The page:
Shuttle Launch Tues AM

I stayed up Monday night/Tues am so I could run outside and see the night launch of the Shuttle Endeavor. I had been outside earlier and saw the clouds had obscured the stars but I was hopeful the clouds may have cleared a LITTLE so I could see it. Nope, completely blanketed sky. Sigh. I had even put NEW batteries in my power-hungry camera.

But I can tell you about a previous night shuttle launch of the Atlantis I saw in 1985…Back in the olden days before everyone had a computer at home. We did have gasoline powered cars, and direct dial long distance, but our music came in either large black discs called an “LP,” or a small tape called “Cassette.” We were moving on from 8-tracks, but many still had those at home or in their cars.

I was living in a community an hour or so south of The Cape and was out with some buddies visiting another friend. We were crossing the Indian River about the time for the launch so I convinced everyone to stop. There was a small park on the causeway and we walked up on the bridge for a clear view of the river to the north. The shuttle went off as expected and it was a thrilling sight. First the sky glowed, and the river too, reflecting the light. Then we could see the rockets power the shuttle so slowly at first and then suddenly springing into the sky. It was so clear that we were able to watch the separation of the rockets from the shuttle – well, at least the red dots falling away from another rocket exhaust flare.

This is the mission we saw, STS 61B

My friends were happy to humor me by stopping but were excited when the launch turned out to be so interesting!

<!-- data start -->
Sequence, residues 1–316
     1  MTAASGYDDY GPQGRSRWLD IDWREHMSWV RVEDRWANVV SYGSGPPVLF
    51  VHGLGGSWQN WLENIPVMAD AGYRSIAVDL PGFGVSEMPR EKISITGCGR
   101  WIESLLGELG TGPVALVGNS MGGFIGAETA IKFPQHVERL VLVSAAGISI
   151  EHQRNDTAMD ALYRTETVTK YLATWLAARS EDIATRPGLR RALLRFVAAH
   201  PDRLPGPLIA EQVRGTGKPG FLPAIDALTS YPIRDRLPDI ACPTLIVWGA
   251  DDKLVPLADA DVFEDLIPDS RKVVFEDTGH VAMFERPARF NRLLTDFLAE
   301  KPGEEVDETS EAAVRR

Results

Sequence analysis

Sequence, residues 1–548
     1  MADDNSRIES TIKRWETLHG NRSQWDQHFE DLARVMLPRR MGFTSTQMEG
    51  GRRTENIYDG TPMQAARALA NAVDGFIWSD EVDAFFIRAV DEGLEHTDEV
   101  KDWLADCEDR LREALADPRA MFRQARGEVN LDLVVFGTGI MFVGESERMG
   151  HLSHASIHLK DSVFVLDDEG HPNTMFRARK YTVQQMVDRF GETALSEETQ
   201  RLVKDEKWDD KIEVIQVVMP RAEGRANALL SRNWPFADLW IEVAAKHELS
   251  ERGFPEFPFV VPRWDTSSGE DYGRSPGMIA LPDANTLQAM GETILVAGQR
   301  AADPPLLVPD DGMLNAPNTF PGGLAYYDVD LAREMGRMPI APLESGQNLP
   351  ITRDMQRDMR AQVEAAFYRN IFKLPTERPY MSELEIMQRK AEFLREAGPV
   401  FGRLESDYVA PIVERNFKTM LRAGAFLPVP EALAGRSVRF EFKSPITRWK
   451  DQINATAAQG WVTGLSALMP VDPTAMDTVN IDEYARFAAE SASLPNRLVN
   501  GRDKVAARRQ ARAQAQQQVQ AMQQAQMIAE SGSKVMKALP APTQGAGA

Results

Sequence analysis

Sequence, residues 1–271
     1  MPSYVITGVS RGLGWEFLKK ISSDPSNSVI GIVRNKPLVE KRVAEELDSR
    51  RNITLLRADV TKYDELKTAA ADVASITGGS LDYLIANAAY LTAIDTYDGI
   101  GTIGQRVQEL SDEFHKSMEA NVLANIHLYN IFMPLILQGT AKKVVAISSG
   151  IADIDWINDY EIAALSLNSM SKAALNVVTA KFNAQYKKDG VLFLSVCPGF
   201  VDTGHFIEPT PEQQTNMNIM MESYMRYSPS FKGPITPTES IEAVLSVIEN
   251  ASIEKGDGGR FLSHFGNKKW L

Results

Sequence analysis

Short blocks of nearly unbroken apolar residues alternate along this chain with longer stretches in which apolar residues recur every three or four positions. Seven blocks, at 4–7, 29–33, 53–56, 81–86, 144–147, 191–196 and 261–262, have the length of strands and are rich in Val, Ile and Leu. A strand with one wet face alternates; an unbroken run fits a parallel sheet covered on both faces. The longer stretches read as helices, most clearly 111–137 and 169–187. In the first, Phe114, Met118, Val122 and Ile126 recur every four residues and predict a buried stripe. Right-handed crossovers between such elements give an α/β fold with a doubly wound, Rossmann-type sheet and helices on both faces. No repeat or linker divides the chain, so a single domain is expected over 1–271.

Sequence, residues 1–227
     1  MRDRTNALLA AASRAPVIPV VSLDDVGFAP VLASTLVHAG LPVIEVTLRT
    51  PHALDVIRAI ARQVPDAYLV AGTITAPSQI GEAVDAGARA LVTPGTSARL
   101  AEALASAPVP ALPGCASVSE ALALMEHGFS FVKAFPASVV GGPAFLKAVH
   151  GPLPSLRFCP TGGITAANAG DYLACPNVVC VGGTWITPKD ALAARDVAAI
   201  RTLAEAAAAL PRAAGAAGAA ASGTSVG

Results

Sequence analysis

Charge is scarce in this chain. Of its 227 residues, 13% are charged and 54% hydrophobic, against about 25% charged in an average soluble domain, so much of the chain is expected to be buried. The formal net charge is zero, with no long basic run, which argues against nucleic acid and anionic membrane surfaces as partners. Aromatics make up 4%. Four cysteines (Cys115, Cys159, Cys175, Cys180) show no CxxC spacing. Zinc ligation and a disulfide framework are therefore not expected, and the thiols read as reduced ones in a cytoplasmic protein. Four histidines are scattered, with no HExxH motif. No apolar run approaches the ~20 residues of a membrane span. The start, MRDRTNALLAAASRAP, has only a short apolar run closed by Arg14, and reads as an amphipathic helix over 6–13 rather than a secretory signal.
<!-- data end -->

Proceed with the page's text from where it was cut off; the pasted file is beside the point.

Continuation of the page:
Starting with the first rocket launches from Cape Canaveral, our parents always made sure we watched history being made. We were crouched in front of the black and white TV to watch the ignition and take off from the pad, running outside at the right point and searching the sky for the tell-tale red flare then watching until it blinked out of sight. It was so exciting, Americans were going into space! I was enthralled. If you asked me back then what I wanted to “be” as an adult, I would reply “a space technician.” I wanted to be one of the engineers sitting in mission control, confidently pushing buttons and being part of the team creating such marvelous adventure.

No, I didn’t end up as a space technician, but have retained a life-long (so far) interest in things space, science, ecology, and technology. So many interests!

We always watched CBS and Walter Conkrite was the narrator of this adventure. No one else could relay the story and explain with excitement the complexity quite as well as he did. I still miss him on the evening news…

Remember a few years ago when John Glenn was a crew member on one of the shuttles? I no longer live on the east coast but I can still see the glow of the rockets for shuttle launches (and the vapor trails the day of the terrible Challenger disaster). That Saturday I sat in the car, listening to the radio and watching the sky to see him launched into space-again! The few moments of red glow reminded me of running for the back door, leaping over the steps and dodging sandspurs in our bare feet. Then I headed for home and Saturday chores.



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